When Plaintiff started working at either BGC or Cantor Fitzgerald after the acquisition announcement, she met with senior personnel in the human resources group, including: (1) Lori Pennay, Cantor Fitzgerald's Global Head of Human Resources; (2) Stephen Merkel, Cantor Fitzgerald's General Counsel; (3) Dan Aiken, a Cantor Fitzgerald “Vice President, Human Resources Generalist” and “Human Resources Business Partner who supported Accounting, Finance, and Operations;” and (4) Patricia Dreste, another senior-level Cantor Fitzgerald executive. (See Id. ¶¶ 28-35, 74.) Plaintiff worked closely with Pennay, who “relied heavily on [Plaintiff] to serve in a global capacity working with other GFI Human Resources Directors in the [Europe, Middle East, and Africa regions] and Asia Regions in order to streamline . . . countless global headcount reports, global payroll reports, and information on GFI's global benefits and policies.” (Id. ¶ 31.) Beginning in March 2015, Plaintiff also began working closely with Aiken to help “integrate the GFI Accounts Payable, Accounts Receivable, Accounting, and Middle/Back Office Operations staff into Cantor's teams and business.” (Id. ¶ 36.)

         B. Puente Action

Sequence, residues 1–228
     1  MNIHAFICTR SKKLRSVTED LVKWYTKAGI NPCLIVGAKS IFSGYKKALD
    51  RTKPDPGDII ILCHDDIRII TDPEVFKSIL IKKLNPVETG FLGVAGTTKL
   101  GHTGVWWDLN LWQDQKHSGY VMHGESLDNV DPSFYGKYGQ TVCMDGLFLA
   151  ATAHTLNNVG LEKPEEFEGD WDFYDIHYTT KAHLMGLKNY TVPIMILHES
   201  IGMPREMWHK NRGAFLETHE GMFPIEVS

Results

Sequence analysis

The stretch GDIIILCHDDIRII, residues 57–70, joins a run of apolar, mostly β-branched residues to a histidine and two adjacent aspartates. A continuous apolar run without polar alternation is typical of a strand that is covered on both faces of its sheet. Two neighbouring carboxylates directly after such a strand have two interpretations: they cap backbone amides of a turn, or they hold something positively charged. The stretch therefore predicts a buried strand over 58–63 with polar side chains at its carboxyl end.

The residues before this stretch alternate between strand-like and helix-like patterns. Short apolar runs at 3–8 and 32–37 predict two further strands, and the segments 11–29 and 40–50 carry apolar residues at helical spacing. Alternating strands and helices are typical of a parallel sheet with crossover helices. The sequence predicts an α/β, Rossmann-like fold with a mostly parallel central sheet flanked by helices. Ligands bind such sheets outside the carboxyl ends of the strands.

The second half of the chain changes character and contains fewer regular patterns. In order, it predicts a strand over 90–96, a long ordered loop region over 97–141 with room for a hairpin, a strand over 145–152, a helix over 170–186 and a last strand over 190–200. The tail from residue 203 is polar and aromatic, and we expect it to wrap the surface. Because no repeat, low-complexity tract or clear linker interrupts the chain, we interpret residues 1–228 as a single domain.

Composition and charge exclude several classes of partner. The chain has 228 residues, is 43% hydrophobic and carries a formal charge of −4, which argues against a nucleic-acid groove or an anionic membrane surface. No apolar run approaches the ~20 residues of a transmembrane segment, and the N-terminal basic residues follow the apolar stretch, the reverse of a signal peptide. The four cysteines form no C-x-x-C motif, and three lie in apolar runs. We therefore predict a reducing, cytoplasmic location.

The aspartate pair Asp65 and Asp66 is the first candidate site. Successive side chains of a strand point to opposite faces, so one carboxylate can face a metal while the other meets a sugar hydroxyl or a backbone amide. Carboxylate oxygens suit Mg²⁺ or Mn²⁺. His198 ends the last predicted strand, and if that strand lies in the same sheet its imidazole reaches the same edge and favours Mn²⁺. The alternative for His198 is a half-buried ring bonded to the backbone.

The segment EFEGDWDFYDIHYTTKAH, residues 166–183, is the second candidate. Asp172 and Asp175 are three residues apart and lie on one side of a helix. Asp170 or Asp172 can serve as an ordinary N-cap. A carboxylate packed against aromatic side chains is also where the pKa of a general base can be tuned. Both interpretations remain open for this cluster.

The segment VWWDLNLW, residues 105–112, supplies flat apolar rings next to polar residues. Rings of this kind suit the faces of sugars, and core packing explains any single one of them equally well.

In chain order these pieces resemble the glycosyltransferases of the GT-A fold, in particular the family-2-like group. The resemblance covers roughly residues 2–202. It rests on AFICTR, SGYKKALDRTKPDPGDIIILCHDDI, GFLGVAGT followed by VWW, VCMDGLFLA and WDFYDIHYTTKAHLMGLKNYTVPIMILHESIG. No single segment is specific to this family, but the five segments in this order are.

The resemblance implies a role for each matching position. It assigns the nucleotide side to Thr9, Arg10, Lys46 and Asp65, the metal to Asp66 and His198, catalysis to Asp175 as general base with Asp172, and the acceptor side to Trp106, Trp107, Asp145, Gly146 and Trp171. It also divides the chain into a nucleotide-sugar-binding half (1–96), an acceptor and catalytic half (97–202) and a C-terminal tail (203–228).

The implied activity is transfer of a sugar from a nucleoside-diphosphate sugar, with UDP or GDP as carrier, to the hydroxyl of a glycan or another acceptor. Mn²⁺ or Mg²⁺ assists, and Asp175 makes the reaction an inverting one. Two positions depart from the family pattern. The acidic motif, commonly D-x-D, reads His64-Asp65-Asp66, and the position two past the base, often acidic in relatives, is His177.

On or about July 6, 2015, Steven Puente, a former Cantor Fitzgerald employee who worked at the company's helpdesk, filed a class action suit in the Southern District of New York against Cantor Fitzgerald, alleging violations of the FLSA and the NYLL (“Puente Action”). (Id. ¶ 37.) The Puente Action alleged that Cantor Fitzgerald was systematically misclassifying certain categories of employees as exempt from overtime and failing to pay these employees their overtime wages. (See Id. ¶¶ 37-38.) It also alleged that Cantor Fitzgerald was (1) systematically trying to force misclassified employees into signing a contract that would give away their rights to overtime, (2) failing to notify employees of the FLSA and NYLL overtime provisions, and (3) failing to keep adequate records. (Id. ¶ 41.)

         C. Plaintiff's Discovery of Misclassifications

         In connection with Plaintiff's work with Pennay and Aiken, Plaintiff looked into how GFI and Cantor Fitzgerald classified employees for the purpose of overtime-i.e., exempt or non-exempt. (Id. ¶ 39-40, 46-57.) For example, during a telephone call Pennay asked Plaintiff how GFI had classified employees working at its helpdesk, and Plaintiff told her that when she started working at GFI employees had been “misclassified as exempt employees; but that, following an FLSA audit that was completed in conjunction with the guidance of the law firm Epstein, Becker & Green, ‘Helpdesk' employees were properly re-classified as non-exempt.” (Id. ¶¶ 39-40.) Separately, in connection with the work she was doing with Aiken, Plaintiff began “investigating the manner in which Cantor was classifying different employees in the Operation/Accounting department” for Aiken. (Id. ¶ 47.)